Crap Developers Fear Mongo and Worship The RDBMS


99.9% of the web developer world believes that the correct usage of an RDBMS, along with transactions, prevents their applications from seeing bad data and introducing serious data quality errors. They are DEAD WRONG.

I read with great interest Kyle Kingsbury's excellent article about Mongo's consistency model at

Obviously this guy is super switched on and knows his stuff. He's doing the work and everything about this article is insightful and well put together.

What I found astonishing, however, were the comments and what they reveal about the average professional developer:

Developers think using and RDBMS makes their data safe and they are absolutely wrong

I cannot tell you how many times I've gotten into arguments with 'professional' developers and especially silly sysadmins that actually believe that, by simply saying the word RDBMS, spinning a chicken around their head 3 times, and connecting to the magical unicorn of DBs their data will be safe and sound like, you know, ... (something something about) .... banking transaction and all that (nonsense) dither about transactions and fsync. And a bunch of other stuff no developer I've ever met actually understands or has considered in the context of an HTTP (hint: stateless) application.

Before I proceed I'm going to issue a challenge:

  • Send me your github handle
  • Let me pick a MySQL or PostgreSQL backed application you've written (so you can't prep it)
  • And I will find code paths that supply both read-uncommitted and dirty-reads in your app within 1 day
  • If there are none I will pay you $1000 bucks
  • If there are any I get to post any picture I choose of you as an addendum to this article. Photoshop is allowed.

Find me @ /contact or /team/ara-t-howard. Now on with it...

Riddle me this developer: what's wrong with this code path:

  @db.transaction do

    if no_user_exists_with_conditions?

      @user = make_that_user_exists_with_those_conditions!



Let me reveal something earth shattering to you:


I assure you that the email will go out twice.

Explaining transactions is beyond the scope of this article, but let me introduce you to 'phantom reads'

In the above code a 2nd, concurrent, transaction can cause the following to happen:

  @db.transaction do

    if no_user_exists_with_conditions?

      # meanwhile, a 2nd transaction has created a duplicate user...

      # the following will will succeed, in __both__ transactions

      @user = make_that_user_exists_with_those_conditions!

      # both transaction will deliver the email



  # one of the transactions will fail to commit, and go *BOOM* but, by then,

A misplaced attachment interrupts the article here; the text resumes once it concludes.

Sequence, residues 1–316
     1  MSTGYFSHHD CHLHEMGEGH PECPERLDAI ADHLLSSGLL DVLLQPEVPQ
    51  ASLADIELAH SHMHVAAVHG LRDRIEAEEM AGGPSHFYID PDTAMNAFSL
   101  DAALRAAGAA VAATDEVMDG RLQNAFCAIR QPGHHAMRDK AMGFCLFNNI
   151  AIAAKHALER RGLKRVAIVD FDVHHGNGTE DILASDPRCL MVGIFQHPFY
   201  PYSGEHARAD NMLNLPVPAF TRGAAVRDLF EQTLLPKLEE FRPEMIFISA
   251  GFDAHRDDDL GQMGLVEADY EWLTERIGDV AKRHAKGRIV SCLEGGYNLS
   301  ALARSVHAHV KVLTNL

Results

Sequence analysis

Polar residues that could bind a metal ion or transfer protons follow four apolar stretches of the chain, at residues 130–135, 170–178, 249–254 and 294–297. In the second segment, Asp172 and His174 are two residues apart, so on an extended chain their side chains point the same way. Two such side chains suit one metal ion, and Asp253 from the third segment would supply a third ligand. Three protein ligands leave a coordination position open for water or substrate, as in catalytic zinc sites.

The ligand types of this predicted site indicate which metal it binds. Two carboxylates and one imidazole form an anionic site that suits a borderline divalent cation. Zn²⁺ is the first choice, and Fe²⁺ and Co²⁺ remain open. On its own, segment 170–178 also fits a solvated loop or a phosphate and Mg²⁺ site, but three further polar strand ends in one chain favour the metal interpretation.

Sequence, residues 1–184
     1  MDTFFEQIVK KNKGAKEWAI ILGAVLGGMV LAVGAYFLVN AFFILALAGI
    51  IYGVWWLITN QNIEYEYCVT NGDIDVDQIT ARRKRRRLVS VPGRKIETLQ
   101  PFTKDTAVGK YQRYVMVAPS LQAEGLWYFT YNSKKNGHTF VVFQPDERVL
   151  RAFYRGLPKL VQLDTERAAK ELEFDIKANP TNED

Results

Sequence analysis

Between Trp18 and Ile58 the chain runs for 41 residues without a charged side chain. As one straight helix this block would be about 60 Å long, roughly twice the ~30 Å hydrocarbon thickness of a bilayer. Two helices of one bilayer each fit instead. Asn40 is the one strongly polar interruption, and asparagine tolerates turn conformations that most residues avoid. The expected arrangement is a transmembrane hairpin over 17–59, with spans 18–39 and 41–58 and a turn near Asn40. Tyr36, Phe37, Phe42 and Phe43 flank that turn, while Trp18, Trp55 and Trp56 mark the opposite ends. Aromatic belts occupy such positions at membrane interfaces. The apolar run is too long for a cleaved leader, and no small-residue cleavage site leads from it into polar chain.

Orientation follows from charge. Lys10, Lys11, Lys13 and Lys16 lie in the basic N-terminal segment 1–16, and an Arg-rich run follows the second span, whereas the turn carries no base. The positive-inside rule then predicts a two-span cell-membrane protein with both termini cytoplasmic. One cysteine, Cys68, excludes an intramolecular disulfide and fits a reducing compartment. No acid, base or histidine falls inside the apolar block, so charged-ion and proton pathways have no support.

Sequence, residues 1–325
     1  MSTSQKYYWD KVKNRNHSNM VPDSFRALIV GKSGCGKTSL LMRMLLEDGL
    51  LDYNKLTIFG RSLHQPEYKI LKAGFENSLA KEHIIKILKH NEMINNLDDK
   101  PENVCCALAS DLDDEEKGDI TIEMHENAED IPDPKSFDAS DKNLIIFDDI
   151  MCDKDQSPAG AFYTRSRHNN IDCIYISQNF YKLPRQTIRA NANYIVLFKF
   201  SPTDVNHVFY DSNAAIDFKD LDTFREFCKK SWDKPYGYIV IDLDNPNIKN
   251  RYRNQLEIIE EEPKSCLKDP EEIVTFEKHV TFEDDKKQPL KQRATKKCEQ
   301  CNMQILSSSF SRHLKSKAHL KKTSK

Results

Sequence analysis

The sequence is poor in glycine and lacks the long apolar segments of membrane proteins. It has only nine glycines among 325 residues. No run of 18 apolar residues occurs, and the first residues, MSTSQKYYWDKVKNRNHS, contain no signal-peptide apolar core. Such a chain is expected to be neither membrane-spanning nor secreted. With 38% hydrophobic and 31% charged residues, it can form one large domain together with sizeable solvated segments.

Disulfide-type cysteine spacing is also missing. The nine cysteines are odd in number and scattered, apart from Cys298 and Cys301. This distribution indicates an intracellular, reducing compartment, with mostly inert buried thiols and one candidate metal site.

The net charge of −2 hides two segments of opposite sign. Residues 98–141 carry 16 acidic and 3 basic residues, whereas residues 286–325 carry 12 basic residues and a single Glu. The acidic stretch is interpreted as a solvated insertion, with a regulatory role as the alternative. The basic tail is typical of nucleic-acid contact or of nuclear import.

# it is too late: the email has been sent twice and the error has been  made

I know I know, you can't believe it. But that's just because you never bothered to RTFM when it comes to what 'transaction' means. Start here:

Note that little table. Let me translate it for you:

  • Because you don't have every single sequence of read&write wrapped in a transaction, and sometimes just sling code against your ORM objects directly, you suffer from the 'scary' reality of 'read-uncommitted' mentioned in the article

  • Because you rely on the default isolation level you suffer from both non-repeatable-reads and phantom reads. (Do you even know what the default isolation is for your db and what that means????)

  • Because you didn't set your transaction level to 'serializable' you falsely believe your database is fast and safe. You've wrongly relied on the database to provide data integrity as an abstraction that does not require critical thinking and application code at least 10 times better than yours. You have all the scary features of Kyle's article in your RDBMS backed apps - and, not only do you not know this you are pretty sure your data is 'safe'

And so I ask you which is a worse engineering decision:

  • Pick a standards based tool that everyone is very confident they understand and know how to use safely but, in it's common usage, virtually never guarantees that which believe it promises and, furthermore, has been widely critized as having ambiguous and inaccurate semantics ?

  • Or to accept what has always been true: that by themselves, databases cannot provide abstractions that mean non-extremely-clever developers can't trivally screw things up. And that data integrity is a domain specific concept that must be implemented at the application layer, with only a small part of that integrity being aided by the choice of database.

ps. I've worked on large scale financial, realtime, and HA systems that use both Mongo and PostgreSQL. It's damn hard either way.

pss. I tried to comment on your blog Kyle, but comments were blowing up ;-)